Training is easier…
Whatever additional training needs to be done with a rescue dog will be much easier than training a puppy. It’s like the difference between training a one-year-old child and an eight-year-old. Dogs that have been around for a while just “get it” faster than puppies-especially housebreaking! The bond is strong. Dogs that have not gotten off to the best possible start in life-who have been neglected or even abused-tend to be very loyal and affectionate. Remember that dogs are pack animals, and they take their treatment by the “pack” their owners and families-very much to heart. A dog that has been neglected or abandoned once is usually eager to become part of a loving pack, where she feels safe and secure, and is likely to act accordingly. We find that rescue dogs are generally eager to please their new owners. Puppy mill rescues often want to be in your lap at all times and will follow you from room to room, just to be near you.
Fewer vet fees…
Rescue dogs have had physical examinations, have been spayed or neutered, have been tested for heart worm, and are up-to-date on shots. When you buy a puppy, you pay for the dog AND for puppy shots, spaying or neutering, and any other basic medical expenses.
What you see is what you get…
When you buy a puppy, you can never really be sure what type of dog you’re going to get. All puppies are cute and playful, but their adult personalities aren’t visible until they’re about two years old. So you don’t know whether you’re getting a dog who wants to play all the time (ALL the time!) or a couch potato. When you rescue a dog, you know what the dog’s personality is like and whether it fits with what you want in a dog companion. You also know, in advance, about any problem areas the new owner will have to address. It teaches your children good values. Face it — we live in an extremely materialistic society, in which TV teaches kids that everything can be bought, that they should get their parents to buy them everything, and that anything worth having costs a lot of money. Adopting a rescue dog for your family presents a wonderful opportunity to teach your children basic values of compassion and caring, and also about the value of second chances.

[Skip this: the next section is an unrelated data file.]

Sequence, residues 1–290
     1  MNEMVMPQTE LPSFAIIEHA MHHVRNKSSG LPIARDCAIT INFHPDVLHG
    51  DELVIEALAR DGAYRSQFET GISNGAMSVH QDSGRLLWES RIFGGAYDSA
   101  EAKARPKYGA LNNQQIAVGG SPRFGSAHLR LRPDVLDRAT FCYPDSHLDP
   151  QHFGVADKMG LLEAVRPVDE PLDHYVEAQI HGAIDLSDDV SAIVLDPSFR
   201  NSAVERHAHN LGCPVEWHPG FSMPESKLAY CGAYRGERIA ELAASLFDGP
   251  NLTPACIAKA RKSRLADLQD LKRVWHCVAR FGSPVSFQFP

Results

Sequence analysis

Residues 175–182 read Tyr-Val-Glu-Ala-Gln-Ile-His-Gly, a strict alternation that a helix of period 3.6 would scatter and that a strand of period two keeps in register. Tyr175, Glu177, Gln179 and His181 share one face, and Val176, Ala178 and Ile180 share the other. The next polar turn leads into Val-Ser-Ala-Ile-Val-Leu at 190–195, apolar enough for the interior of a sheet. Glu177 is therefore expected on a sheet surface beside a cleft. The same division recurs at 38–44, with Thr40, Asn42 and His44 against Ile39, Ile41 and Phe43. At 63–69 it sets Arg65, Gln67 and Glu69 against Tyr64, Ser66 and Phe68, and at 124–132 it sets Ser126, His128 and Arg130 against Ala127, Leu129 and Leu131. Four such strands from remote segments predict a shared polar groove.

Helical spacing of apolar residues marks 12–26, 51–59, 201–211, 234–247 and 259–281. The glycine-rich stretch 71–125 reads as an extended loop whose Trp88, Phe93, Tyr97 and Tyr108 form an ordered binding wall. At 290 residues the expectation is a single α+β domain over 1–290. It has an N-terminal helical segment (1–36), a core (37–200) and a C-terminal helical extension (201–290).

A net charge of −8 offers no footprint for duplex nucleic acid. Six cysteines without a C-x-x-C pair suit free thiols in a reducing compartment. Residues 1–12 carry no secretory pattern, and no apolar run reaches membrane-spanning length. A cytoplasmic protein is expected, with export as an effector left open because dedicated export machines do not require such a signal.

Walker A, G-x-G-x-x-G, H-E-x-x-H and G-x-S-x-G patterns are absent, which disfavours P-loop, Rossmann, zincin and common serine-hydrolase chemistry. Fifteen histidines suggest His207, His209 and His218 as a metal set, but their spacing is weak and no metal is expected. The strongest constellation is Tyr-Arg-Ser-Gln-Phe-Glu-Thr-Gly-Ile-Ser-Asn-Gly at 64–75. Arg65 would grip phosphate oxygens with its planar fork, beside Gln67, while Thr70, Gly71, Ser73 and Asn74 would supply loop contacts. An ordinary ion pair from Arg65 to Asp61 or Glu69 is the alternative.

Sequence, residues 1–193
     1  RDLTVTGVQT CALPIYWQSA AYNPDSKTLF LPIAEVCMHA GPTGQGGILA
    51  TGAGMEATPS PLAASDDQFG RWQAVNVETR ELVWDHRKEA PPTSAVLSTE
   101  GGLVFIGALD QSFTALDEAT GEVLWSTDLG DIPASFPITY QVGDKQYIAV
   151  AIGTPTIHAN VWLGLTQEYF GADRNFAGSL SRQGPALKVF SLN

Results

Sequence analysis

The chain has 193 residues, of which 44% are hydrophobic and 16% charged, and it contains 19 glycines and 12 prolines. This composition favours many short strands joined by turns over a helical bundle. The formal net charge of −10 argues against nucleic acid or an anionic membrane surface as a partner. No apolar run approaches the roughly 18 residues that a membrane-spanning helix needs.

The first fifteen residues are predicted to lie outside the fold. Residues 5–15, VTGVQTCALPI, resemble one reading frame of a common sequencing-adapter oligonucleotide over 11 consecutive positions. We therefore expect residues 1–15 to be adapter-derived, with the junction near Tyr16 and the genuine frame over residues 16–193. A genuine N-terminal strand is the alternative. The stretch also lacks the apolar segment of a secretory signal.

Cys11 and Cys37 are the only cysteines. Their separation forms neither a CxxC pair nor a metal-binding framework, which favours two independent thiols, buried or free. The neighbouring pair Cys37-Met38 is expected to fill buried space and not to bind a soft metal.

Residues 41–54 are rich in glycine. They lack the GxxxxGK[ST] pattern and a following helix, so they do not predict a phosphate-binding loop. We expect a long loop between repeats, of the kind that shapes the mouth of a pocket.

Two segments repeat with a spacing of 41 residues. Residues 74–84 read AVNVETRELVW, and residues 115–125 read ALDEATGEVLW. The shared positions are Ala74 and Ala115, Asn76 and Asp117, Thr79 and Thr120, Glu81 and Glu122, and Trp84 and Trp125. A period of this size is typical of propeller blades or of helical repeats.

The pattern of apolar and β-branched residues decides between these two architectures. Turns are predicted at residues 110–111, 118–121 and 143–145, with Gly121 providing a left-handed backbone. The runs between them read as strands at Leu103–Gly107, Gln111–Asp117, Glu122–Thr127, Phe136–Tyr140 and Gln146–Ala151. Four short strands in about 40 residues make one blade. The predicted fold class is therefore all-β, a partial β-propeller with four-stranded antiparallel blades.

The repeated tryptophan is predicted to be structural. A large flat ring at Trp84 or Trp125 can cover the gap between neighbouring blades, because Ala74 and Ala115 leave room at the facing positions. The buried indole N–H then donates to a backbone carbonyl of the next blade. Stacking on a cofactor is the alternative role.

Why Aren’t Rescue Dogs Free?
We are asked this question frequently. Some people think that, since they are willing to take a homeless dog off our hands, we should give them the dog without an adoption fee. Well, that would be nice, and in a perfect world it would be possible. But vet care for our rescue dogs costs money, which Chihuahua & Small Dog Rescue, Inc. must recover, at least in part, in order to go on rescuing. Each dog must have a physical examination, receive any required vaccinations (for rabies, parvo virus, etc.), be tested for heartworms, microchipped and be spayed or neutered. The organization pays for these procedures. The fee we charge for adoption is to cover medical expenses for the dogs in foster care. Our volunteers and management people are not paid a salary of any kind. There are also many dogs which the adoption fee will never cover all the medical bills for dogs that require unusually expensive care. Please keep this fact in mind: The adoption fee for a rescue dog is usually somewhere between $200 and $300. The going rate for a puppy at a pet store (a puppy that, in all likelihood came from a puppy mill) is between $400 and $700. And you still have to pay for vaccinations and spaying or neutering on top of that. Rescue dogs are a bargain.